His love for Husky football and the University of Washington were legendary in his hometown of Oak Harbor on Whidbey Island. A 1957 graduate of the UW School of Law, the Oak Harbor born-and-raised Zylstra was a community volunteer and successful attorney before he retired last year.
He served on the Washington State Bar Association’s Board of Governors from 1983-86, and was a member of the American Bar Association, the American Trial Lawyers Association and the Island County Bar Association.
But Zylstra, 67, (known locally as Ted) was even more renowned for his sense of humor and dedication to Husky football. He’d sometimes walk into a Seattle restaurant, tell the maitre d’ that he was an ambassador from another country and wanted the best seat in the house. “Half the time, it worked,” says his son-in-law, Christon Skinner.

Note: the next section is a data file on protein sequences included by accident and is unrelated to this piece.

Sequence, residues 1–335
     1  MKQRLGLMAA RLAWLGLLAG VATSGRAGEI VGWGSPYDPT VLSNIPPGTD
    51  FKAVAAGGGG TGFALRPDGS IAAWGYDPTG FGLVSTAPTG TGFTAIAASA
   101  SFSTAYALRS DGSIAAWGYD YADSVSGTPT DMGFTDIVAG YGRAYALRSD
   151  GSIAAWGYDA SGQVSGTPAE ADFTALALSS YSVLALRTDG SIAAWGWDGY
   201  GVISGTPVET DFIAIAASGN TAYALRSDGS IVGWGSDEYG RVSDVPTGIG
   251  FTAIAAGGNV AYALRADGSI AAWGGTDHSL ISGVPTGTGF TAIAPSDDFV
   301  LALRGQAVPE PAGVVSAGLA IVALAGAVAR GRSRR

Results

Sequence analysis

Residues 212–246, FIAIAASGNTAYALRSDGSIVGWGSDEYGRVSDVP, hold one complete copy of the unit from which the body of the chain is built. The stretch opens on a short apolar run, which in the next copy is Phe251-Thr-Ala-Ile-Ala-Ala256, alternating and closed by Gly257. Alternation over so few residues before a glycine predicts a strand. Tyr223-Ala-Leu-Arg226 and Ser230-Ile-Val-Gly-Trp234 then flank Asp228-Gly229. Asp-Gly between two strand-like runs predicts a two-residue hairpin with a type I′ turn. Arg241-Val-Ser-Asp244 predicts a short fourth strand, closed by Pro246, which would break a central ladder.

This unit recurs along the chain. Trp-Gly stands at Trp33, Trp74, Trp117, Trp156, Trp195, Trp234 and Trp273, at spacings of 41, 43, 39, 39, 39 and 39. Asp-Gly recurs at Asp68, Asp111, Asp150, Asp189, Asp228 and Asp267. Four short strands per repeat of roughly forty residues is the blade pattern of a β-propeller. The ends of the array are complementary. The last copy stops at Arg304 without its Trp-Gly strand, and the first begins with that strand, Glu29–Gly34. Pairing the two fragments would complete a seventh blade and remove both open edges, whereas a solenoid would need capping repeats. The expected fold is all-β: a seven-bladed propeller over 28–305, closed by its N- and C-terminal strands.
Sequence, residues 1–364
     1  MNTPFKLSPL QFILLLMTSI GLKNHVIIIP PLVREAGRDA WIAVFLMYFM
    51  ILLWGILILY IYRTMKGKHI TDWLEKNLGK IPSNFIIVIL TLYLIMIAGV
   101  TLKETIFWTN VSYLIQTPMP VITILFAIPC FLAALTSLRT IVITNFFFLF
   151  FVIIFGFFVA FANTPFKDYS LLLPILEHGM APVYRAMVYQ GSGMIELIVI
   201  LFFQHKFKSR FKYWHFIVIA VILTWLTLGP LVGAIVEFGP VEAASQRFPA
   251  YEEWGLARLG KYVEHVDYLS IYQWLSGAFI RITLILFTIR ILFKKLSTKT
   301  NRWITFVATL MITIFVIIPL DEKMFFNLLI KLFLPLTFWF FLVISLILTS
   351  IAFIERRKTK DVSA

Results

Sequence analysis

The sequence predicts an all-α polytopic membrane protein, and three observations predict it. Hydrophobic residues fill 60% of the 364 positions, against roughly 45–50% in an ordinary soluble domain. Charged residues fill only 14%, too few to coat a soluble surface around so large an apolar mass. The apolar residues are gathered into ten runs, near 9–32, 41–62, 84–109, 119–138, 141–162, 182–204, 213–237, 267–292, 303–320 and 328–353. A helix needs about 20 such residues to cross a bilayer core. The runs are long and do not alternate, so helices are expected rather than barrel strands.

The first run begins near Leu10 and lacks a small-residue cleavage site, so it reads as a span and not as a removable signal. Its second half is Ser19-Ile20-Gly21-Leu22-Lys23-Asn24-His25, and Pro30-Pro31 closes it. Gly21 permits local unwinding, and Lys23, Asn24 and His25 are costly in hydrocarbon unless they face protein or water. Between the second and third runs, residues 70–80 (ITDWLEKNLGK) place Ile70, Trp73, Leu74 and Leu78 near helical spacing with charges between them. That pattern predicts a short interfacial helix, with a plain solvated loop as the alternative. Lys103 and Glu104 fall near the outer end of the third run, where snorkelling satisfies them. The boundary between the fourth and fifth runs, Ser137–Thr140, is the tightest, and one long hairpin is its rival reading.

Once a partner in four law practices, he opened Zylstra Beeksma and Waller in 1978, and retired last year. During his time as a UW law student, he was a member of the Order of the Coif, an academic fraternity for law students, and was on the law review.
He held season tickets to Husky football for 37 years and traveled to many road games. An only child, he also took great pride in his family. “He just wanted to be remembered as a person of strong faith who wanted to do what was right for his clients, his family and his friends,” his cousin, Robert, says.
Zylstra is survived by his daughter, Debbie, of Oak Harbor, and his son, Bradley Zylstra, of Renton.